Sorry, Gina. Not much of a break was it? So sorry. As an aside, not sure about the do not disturb feature…it silences vocera to vocera calls, but don’t know if it will silence the monitor alarms.
What an unhappy way to hear about the patient and family with whom you had bonded and shared so much with. I am grateful they had a nurse like you to care for and about them.

[...] *This blog post was originally published at code blog – tales of a nurse* [...]

great blog! I just found your site and I read few articles and will be back. You are truely an inspiration to all us CNAs and Nurses alike. God bless you.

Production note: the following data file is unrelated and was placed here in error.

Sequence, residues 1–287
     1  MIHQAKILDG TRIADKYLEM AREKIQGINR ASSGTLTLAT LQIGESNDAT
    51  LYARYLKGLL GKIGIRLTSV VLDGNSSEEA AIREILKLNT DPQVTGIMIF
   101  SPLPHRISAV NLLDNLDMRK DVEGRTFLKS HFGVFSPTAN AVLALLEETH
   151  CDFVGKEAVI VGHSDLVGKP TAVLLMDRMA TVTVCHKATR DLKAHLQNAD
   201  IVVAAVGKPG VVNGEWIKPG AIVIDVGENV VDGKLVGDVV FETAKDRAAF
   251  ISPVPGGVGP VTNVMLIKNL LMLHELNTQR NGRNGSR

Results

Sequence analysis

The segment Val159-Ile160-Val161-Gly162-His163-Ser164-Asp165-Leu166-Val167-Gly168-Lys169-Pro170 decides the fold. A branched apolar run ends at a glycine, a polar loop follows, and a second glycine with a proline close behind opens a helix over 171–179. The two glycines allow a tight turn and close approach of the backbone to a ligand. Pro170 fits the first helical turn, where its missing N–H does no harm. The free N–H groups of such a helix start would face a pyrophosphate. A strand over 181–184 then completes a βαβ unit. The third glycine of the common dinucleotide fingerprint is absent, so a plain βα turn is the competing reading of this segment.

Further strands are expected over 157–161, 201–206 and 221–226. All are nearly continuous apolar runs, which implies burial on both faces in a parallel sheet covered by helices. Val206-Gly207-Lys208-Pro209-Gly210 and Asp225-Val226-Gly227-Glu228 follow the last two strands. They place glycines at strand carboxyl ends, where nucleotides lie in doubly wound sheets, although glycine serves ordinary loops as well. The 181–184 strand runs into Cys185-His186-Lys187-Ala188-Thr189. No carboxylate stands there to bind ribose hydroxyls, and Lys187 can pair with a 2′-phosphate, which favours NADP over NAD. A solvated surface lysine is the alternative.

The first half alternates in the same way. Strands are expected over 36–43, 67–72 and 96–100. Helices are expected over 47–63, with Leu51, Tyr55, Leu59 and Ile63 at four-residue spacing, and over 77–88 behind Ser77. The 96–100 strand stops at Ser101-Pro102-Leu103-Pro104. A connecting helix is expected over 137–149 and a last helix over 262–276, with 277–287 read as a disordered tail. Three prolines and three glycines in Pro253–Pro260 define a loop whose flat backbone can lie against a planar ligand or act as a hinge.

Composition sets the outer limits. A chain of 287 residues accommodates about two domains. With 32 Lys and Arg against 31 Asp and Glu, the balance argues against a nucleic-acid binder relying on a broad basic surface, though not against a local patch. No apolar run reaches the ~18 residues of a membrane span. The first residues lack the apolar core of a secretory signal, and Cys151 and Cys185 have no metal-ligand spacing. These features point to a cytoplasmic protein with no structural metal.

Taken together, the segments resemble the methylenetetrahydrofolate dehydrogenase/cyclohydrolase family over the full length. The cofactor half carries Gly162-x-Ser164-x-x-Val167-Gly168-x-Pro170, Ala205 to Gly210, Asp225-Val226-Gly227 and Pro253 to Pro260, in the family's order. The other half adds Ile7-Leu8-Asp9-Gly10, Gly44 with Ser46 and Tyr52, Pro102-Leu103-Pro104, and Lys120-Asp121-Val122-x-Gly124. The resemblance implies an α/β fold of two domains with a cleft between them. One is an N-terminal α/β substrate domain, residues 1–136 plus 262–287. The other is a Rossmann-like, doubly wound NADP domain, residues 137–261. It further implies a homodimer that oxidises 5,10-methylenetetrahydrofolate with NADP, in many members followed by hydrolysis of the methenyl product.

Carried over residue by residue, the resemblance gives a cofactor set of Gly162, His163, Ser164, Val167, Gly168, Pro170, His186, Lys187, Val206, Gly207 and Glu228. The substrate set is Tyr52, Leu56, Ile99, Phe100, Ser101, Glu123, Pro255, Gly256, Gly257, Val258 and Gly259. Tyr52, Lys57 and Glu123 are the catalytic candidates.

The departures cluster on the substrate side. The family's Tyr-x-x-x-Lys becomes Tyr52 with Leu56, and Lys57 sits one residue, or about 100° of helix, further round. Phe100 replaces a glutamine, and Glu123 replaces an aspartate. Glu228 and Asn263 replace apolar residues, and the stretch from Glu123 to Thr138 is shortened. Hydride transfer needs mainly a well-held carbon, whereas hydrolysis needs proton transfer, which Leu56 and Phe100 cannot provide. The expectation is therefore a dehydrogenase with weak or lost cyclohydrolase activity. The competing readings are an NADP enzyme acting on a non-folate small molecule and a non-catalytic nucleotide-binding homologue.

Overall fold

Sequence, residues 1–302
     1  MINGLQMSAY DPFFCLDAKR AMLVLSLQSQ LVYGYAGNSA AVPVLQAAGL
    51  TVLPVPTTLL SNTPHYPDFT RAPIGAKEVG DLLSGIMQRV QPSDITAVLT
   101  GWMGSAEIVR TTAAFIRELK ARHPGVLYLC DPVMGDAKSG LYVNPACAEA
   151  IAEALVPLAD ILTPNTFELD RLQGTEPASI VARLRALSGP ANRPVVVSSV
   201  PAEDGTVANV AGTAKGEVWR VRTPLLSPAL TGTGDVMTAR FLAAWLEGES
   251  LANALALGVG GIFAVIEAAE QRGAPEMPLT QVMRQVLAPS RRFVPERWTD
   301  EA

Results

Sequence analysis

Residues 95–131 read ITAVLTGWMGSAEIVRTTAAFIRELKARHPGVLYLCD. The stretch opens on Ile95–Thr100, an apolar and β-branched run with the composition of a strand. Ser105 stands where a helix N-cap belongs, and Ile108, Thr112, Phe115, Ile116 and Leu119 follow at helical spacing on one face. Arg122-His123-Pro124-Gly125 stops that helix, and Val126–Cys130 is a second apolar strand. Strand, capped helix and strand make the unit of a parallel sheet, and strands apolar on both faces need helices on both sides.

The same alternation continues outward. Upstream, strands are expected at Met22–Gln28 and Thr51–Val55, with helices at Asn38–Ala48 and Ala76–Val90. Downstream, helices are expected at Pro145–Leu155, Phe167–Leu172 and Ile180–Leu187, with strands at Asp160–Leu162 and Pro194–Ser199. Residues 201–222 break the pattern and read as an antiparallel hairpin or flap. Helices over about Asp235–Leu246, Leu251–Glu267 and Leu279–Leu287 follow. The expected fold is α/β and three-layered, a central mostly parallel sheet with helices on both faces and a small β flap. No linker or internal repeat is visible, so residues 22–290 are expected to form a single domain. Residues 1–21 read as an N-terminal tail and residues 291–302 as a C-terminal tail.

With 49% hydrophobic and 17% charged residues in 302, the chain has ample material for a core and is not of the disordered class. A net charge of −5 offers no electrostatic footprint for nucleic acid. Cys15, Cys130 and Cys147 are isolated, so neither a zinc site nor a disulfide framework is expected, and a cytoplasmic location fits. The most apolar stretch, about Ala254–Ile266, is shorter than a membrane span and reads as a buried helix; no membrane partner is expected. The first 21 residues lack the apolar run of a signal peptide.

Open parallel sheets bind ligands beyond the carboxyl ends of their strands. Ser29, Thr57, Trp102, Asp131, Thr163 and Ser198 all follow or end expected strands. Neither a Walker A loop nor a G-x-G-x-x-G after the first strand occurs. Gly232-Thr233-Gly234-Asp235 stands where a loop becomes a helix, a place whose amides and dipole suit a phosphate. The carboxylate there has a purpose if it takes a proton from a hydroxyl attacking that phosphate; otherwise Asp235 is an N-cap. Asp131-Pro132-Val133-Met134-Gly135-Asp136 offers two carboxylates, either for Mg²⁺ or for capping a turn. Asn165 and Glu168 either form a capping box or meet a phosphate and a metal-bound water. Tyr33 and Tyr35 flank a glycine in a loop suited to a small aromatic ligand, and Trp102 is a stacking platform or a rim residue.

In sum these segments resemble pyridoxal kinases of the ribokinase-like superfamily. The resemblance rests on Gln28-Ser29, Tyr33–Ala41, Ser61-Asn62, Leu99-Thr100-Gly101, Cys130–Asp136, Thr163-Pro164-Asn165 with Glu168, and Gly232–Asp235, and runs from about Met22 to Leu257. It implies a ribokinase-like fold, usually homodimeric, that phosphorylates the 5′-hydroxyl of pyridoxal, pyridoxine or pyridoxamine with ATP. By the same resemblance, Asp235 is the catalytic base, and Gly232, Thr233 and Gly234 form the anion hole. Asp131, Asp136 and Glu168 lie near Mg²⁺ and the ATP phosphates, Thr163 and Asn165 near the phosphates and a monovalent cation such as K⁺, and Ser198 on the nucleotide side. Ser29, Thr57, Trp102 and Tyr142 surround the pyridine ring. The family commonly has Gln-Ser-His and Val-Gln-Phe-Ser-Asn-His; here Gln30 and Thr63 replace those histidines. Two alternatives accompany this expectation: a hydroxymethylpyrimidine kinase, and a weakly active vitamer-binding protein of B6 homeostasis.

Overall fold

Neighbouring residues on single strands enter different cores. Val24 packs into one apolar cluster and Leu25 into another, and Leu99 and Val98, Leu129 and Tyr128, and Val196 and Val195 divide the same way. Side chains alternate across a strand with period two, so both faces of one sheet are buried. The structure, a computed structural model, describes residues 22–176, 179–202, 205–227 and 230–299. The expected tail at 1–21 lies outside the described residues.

Unlike having a cellphone (which I’m unsure is a good thing as we get more and more connected, and more and more distracted). I think the vyocera’s are a good thing. Sorry to hear you lost your patient on what was supposed to be “You” time, but it sounds like it might end up making your job easier in the end. :)

Good luck Gina!

-coup

Vocera sounds like amazing technology, but that’s almost like getting a text message someone died. It’s just… cold.

Our ER started using a kinda of walkie talk like system. Everyone had to wear one and when you talked on it every one including patients could hear what was being said. Slowly everyone began to stop using them. Now their talking about us using head gear I personally think that Vocera sounds much better and feel that I might look into it more and possibly speak to the ER manager about it.

unfortunately we don’t have a device like Vocera in hospital that i am job training right now.